A bioinformatics tool developed by researchers from the University of Turku in Finland indicates that “54% of species in the core human gut microbiome are sensitive to glyphosate.” (See Daily News.) Published in the Journal of Hazardous Materialsthe researchers’ paper states, “The widespread use of glyphosate may have a strong effect on gut microbiomes as well as on human health.” Bats foraging in chemical-intensive banana plantations have much less gut diversity than bats foraging in organic banana fields and natural forestland, finds research published this month in the journal Frontiers in Ecology and Evolution. (See Daily News.)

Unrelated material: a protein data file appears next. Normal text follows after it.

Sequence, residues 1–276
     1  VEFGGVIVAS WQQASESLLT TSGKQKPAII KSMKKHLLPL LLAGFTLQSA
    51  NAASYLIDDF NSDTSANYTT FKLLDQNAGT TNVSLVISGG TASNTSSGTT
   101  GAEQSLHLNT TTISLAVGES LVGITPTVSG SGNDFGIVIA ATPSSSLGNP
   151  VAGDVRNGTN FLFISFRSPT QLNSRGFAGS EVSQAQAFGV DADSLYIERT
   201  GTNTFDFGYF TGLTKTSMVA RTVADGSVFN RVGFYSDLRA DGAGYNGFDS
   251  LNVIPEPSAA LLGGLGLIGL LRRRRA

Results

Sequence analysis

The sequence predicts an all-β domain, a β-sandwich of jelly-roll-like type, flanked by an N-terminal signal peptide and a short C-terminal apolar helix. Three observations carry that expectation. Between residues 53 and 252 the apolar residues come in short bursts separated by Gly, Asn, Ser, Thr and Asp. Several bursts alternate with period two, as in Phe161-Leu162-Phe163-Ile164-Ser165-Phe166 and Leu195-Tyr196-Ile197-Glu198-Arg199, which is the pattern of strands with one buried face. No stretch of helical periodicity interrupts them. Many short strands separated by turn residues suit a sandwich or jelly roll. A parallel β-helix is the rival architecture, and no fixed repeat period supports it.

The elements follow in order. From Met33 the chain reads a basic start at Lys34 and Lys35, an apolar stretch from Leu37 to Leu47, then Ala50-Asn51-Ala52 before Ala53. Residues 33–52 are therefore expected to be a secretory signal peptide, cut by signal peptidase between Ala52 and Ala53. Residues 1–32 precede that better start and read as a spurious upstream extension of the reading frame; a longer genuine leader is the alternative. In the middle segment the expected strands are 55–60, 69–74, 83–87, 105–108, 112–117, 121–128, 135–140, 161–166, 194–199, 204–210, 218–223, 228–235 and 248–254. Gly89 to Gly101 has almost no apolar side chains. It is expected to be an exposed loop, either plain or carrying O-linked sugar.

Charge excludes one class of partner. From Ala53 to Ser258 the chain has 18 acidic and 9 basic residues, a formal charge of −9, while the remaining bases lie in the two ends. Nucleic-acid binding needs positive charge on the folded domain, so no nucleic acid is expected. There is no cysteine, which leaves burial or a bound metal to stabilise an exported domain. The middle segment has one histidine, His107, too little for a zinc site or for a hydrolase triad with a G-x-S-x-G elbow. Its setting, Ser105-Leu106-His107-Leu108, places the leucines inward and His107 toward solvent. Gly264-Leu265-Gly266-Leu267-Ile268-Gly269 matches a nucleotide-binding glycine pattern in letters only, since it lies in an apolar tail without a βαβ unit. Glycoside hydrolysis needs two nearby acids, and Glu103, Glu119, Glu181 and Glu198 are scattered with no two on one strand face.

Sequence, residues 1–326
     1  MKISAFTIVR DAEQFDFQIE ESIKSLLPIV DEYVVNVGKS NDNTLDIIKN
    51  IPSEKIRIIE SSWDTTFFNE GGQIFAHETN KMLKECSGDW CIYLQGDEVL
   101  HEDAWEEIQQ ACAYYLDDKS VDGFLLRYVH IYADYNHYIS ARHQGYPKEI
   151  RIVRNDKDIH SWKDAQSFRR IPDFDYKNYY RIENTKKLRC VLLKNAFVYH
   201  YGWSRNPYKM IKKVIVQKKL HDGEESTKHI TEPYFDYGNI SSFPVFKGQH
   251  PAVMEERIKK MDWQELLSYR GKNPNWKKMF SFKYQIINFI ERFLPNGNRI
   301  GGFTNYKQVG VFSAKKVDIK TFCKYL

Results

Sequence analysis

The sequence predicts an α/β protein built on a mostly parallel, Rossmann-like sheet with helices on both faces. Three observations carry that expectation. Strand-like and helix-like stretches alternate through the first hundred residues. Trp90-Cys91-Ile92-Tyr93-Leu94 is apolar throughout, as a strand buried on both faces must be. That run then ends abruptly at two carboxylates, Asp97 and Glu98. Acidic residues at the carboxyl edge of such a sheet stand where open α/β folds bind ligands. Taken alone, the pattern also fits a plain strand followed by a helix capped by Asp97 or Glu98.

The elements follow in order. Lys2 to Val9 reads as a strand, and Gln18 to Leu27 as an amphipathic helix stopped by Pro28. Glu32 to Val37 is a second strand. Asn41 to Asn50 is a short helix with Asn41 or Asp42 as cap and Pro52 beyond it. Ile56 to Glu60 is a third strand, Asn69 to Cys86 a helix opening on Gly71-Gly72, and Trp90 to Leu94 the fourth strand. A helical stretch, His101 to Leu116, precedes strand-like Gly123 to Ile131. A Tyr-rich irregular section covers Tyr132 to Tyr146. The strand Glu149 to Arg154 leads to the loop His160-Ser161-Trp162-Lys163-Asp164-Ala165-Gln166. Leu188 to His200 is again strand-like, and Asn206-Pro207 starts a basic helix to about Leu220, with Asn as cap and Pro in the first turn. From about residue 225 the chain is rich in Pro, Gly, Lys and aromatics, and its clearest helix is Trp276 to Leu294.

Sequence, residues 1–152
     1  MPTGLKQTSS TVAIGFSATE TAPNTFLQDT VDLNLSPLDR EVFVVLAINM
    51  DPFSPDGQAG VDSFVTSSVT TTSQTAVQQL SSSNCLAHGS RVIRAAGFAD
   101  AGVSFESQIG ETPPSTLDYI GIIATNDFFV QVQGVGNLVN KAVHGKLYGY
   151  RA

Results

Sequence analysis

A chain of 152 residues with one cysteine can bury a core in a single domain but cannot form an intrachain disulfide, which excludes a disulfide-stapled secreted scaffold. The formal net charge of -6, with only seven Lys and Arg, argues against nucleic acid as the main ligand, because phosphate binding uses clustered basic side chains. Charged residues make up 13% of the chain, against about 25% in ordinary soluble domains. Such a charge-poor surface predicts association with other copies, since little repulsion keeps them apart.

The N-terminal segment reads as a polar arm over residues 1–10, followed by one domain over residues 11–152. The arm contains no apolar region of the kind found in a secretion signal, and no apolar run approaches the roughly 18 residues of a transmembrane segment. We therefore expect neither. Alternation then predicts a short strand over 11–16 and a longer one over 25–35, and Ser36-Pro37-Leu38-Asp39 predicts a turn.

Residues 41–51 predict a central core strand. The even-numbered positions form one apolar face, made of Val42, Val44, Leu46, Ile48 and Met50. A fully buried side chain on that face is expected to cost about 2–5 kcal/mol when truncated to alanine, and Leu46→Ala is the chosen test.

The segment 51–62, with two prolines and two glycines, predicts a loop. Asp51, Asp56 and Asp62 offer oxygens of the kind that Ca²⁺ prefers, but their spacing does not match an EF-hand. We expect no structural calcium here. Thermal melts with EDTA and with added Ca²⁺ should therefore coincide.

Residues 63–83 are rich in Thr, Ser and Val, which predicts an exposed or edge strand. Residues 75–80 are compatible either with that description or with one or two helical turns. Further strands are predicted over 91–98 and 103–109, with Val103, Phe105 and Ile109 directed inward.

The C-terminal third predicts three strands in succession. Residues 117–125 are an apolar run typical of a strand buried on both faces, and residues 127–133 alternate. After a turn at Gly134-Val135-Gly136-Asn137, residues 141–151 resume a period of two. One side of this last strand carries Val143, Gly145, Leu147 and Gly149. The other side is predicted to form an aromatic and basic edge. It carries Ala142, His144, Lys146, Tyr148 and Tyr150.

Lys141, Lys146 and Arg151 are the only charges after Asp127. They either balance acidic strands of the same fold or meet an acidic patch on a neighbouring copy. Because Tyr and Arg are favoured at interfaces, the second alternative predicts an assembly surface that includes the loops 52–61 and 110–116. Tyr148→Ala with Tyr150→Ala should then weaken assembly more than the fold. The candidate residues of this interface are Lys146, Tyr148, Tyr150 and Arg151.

Triclosan is an antimicrobial agent in products regulated by EPA and FDA. However, cumulative exposure to triclosan registered by both agencies poses unacceptable risks to human health and the environment. Many studies identify the various health and environmental effects of triclosan as the chemical absorbs through organs, from the skin to the gastrointestinal tract, and are environmentally persistent. Several independent, peer-reviewed research studies have identified triclosan as an endocrine-disrupting chemical. On top of its endocrine-disrupting effects, recent work shows that triclosan is a possible human carcinogen. Similar to this study, a 2016 peer-reviewed study published in the Annual Review of Pharmacology and Toxicology found that triclosan promotes cancer cell development in mice through pathways shared with humans. Furthermore, like many antimicrobial and antibacterial products, triclosan use increases the persistence of antibiotic-resistant bacteria, a severe public health concern for disease risk. Despite these findings, EPA’s evaluation of triclosan fails to address one of the most concerning aspects of its chemical activity concerning human and environmental health.